The Ambiguous Embrace: Government and Faith-Based Schools and Social Agencies / Edition 1by Charles L. Glenn
Pub. Date: 01/21/2002
Publisher: Princeton University Press
This is a time of far-reaching change and debate in American education and social policy, spurred in part by a rediscovery that civil-society institutions are often better than government at meeting human needs. As Charles Glenn shows in this book, faith-based schools and social agencies have been particularly effective, especially in meeting the needs of the most… See more details below
This is a time of far-reaching change and debate in American education and social policy, spurred in part by a rediscovery that civil-society institutions are often better than government at meeting human needs. As Charles Glenn shows in this book, faith-based schools and social agencies have been particularly effective, especially in meeting the needs of the most vulnerable. However, many oppose providing public funds for religious institutions, either on the grounds that it would threaten the constitutional separation of church and state or from concern it might dilute or secularize the distinctive character of the institutions themselves. Glenn tackles these arguments head on. He builds a uniquely comprehensive and persuasive case for faith-based organizations playing a far more active role in American schools and social agencies. And, most importantly, he shows that they could do so both while receiving public funds and while striking a workable balance between accountability and autonomy.
Glenn is ideally placed to make this argument. A leading expert on international education policies, he was for many years the director of urban education and civil rights for the Massachusetts Department of Education, and also serves as an Associate Minister of inner-city churches in Boston. Glenn draws on all his varied experience here as he reviews the policies and practices of governments in the United States and Europe as they have worked with faith-based schools and also with such social agencies as the Salvation Army and Teen Challenge. He seeks to answer key theoretical and practical questions: Why should government make greater use of faith-based providers? How could they do so without violating First Amendment limits? What working relationships protect the goals and standards both of government and of the organizations that the government funds? Glenn shows that, with appropriate forms of accountability and a strong commitment to a distinctive vision of service, faith-based organizations can collaborate safely with government, to their mutual benefit and that of those they serve. This is a major contribution to one of the most important topics in political and social debate today.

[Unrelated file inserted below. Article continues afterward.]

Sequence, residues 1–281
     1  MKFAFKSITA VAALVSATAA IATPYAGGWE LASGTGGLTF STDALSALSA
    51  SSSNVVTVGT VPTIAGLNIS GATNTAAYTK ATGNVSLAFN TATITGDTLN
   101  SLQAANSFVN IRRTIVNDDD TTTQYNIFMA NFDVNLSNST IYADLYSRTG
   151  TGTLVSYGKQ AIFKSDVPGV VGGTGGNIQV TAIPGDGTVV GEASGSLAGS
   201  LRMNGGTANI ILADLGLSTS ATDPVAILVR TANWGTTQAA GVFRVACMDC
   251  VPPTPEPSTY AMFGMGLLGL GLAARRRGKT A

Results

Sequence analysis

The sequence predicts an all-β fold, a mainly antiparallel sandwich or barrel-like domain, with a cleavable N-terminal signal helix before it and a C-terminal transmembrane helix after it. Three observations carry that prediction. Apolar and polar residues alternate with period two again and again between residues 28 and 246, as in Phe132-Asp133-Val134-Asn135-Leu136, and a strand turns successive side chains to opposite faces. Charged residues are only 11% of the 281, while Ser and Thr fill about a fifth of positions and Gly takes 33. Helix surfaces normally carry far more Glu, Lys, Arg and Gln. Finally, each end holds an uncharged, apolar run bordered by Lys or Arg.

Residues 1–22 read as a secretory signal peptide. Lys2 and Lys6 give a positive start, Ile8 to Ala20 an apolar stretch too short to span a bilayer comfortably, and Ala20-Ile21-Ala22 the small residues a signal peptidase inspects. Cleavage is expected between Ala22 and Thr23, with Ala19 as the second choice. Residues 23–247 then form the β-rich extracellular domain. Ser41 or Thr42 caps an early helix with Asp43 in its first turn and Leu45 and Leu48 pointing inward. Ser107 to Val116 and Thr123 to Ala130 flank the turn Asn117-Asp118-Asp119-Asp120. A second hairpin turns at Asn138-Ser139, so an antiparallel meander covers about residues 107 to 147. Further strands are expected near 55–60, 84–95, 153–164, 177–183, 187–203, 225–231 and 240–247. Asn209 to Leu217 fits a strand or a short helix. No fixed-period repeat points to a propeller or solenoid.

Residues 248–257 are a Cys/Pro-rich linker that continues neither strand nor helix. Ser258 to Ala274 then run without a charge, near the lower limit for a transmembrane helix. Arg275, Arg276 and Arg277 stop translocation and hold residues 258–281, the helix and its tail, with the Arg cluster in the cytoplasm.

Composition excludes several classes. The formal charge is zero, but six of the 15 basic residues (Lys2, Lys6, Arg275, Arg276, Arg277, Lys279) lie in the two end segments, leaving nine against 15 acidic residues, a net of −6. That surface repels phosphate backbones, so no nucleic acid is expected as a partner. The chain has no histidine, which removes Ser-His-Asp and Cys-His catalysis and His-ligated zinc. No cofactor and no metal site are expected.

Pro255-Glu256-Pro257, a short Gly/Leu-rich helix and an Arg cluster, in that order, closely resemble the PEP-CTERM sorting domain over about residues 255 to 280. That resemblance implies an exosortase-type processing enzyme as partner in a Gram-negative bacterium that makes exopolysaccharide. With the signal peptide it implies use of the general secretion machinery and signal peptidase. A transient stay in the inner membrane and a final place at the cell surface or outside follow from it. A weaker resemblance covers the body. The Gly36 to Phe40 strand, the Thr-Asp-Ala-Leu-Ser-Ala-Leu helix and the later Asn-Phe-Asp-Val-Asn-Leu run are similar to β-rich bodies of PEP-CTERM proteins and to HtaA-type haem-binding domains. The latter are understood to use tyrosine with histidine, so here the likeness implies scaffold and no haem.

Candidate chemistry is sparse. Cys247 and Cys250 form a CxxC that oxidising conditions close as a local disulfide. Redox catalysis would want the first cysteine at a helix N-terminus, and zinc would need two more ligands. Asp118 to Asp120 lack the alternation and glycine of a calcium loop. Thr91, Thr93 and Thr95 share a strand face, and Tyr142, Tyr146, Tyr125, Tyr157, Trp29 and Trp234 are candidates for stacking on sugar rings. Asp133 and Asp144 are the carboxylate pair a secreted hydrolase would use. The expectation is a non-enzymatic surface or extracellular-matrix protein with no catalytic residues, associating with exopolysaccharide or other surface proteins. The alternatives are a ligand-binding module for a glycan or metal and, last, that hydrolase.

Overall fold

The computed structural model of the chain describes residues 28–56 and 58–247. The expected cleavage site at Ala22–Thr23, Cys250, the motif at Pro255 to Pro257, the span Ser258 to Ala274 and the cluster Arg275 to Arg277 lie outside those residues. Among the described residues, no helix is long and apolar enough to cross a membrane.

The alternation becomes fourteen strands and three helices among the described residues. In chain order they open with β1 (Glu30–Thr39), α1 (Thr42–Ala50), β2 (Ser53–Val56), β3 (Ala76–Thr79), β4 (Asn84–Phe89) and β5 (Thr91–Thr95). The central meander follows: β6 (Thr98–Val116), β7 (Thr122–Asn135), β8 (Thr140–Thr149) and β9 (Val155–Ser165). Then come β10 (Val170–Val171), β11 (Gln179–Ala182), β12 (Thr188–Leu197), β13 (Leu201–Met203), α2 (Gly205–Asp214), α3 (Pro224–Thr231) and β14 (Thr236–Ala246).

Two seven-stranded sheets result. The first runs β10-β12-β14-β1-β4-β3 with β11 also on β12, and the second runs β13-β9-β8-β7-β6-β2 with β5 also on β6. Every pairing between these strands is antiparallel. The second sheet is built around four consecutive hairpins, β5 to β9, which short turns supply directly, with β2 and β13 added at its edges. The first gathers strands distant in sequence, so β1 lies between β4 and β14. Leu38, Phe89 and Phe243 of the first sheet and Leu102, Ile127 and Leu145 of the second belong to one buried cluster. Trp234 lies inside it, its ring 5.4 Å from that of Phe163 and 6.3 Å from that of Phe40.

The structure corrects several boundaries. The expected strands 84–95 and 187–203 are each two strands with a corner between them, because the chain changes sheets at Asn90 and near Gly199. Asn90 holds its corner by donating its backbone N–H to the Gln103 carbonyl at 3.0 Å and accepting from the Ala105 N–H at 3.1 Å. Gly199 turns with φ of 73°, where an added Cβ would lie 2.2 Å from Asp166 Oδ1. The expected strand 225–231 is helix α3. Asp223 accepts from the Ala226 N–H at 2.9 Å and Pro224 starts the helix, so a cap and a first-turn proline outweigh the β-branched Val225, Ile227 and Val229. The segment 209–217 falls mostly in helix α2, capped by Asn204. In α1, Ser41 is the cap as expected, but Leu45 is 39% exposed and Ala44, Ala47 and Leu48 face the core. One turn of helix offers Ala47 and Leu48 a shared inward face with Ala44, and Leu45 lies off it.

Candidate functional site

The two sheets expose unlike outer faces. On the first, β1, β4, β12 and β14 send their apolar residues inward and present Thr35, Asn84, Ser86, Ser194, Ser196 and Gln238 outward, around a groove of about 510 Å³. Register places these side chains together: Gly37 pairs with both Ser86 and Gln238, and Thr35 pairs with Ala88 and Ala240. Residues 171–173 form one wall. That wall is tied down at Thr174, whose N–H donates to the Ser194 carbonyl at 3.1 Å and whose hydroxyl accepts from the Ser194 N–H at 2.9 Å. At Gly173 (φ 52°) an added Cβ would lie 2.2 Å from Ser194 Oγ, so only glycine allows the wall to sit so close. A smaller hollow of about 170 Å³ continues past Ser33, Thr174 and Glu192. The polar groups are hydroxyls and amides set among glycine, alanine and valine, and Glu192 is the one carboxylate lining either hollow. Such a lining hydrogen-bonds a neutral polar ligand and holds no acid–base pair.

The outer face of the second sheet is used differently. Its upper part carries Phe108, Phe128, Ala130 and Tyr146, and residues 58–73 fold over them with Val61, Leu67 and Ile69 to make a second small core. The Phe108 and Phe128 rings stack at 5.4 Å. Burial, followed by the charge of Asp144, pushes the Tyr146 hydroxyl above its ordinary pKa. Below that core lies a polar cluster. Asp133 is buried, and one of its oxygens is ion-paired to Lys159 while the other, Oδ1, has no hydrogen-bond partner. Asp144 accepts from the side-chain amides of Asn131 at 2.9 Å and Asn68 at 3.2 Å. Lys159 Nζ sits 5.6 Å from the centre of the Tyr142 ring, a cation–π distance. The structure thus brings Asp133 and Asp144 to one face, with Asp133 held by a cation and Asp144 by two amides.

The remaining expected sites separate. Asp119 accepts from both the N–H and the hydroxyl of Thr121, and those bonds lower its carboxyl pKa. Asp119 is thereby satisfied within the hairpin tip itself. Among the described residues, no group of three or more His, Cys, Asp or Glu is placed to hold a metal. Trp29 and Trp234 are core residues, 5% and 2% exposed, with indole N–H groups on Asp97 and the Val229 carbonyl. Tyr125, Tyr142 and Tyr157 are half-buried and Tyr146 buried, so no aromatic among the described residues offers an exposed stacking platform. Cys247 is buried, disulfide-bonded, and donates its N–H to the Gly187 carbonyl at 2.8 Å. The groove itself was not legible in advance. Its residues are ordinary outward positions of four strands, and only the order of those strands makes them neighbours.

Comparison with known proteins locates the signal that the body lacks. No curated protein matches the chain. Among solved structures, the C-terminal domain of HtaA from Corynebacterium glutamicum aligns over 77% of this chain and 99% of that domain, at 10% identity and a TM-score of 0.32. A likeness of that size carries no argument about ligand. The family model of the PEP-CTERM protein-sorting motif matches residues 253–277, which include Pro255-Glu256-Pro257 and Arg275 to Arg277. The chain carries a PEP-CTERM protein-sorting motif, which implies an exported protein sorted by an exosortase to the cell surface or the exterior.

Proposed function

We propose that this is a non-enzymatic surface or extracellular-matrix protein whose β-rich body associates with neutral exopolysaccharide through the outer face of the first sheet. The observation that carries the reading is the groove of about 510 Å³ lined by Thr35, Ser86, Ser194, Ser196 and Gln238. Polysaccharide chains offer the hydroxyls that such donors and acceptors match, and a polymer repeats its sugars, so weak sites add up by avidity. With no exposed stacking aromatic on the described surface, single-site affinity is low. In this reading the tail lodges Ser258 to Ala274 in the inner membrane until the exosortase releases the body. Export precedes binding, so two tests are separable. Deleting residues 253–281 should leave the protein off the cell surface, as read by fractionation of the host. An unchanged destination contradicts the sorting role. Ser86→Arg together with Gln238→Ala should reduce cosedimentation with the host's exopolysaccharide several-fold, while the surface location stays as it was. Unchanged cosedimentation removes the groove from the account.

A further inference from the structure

Table of Contents
• By Peter L. Berger
• 1. Reaching Out to Civil Society
• Challenges to the Welfare State
• Bureaucratic Ineffectiveness
• Overstepping the State's Appropriate Limits
• Government and Education
• Administrative Decentralization
• Market Strategies
• Organizational Flexibility
• Controlling Faith-Based Institutions to Death
• 2. Strings without Money
• The Stakes in Government Oversight
• Oversight of Faith-Based Schools
• Faith-Based Schools That Resist Oversight
• The Scope of Government Regulation of Nonpublic Schools
• Interlude: Teen Challenge
• 3. How Close an Embrace?
• Three Ways of Understanding Government's Relationship to Religion
• Outside the Wall of Separation
• Faith-Based Social Services: Where the Wall Is Not So High
• Schools: The Unhappy Exception
• 4. Funding with Government Oversight
• How Much Oversight?
• Modes of Funding
• Grants and Other Subsidies
• Shared Space
• Asset Sale
• Interlude: Neocorporatism in Europe
• The Netherlands
• 5. Professional Norms
• Professional Norms and Government
• How Professional Norms Developed
• Professional Training
• Professional Norms and Faith-Based Organizations
• 6. Employment Decisions
• A Tale of Two Cities
• The Right to a Shared Vision of Service
• Required Qualifications
• Interlude: The Salvation Army
• By Emily Nielsen Jones, Charles L. Glenn
• How Did the Salvation Army Become Different?
• The Salvation Army's Self-Understanding
• Elements of the Salvation Army's Persistence as a Faith-Based Organization
• Threats to the Salvation Army's Distinctive Mission
• Resisting the Lure of Popularity
• 7. Loss - and Recovery - of Nerve
• The Importance of Maintaining Distinctiveness
• When Sacred and Secular Mix
• Being Explicit about Identity
• 8. Recommendations
• 1. Should Government Make a Greater Use of Faith-Based Organizations to Provide Social Services and Education?
• 2. May the United States Government Make a Greater Use of Faith-Based Organizations without Overstepping the Limits Set by the First Amendment?
• 3. If it Makes a Greater Use of Faith-Based Organizations to Provide Social Services and Education, How Should Government Behave to Avoid Spoiling Their Distinctive Character and Contribution?
• 4. What Measures Should Government Take to Ensure That Making a Greater Use of Faith-Based Organizations Does Not Lead to Negative Consequences, Such as a Decline in Quality and Availability of Services or an Increase in Discrimination?
• 5. Should Faith-Based Organizations Seek Government Support for Their Social and Educational Ministries?
• 6. In Accepting Government Support, How Should Faith-Based Organizations Protect Themselves from Interference with Their Core Mission and Distinctive Character?
• 7. How Can Faith-Based Organizations Reconcile Professional Norms with the Maintenance and Expression of Their Core Mission and Distinctive Character?
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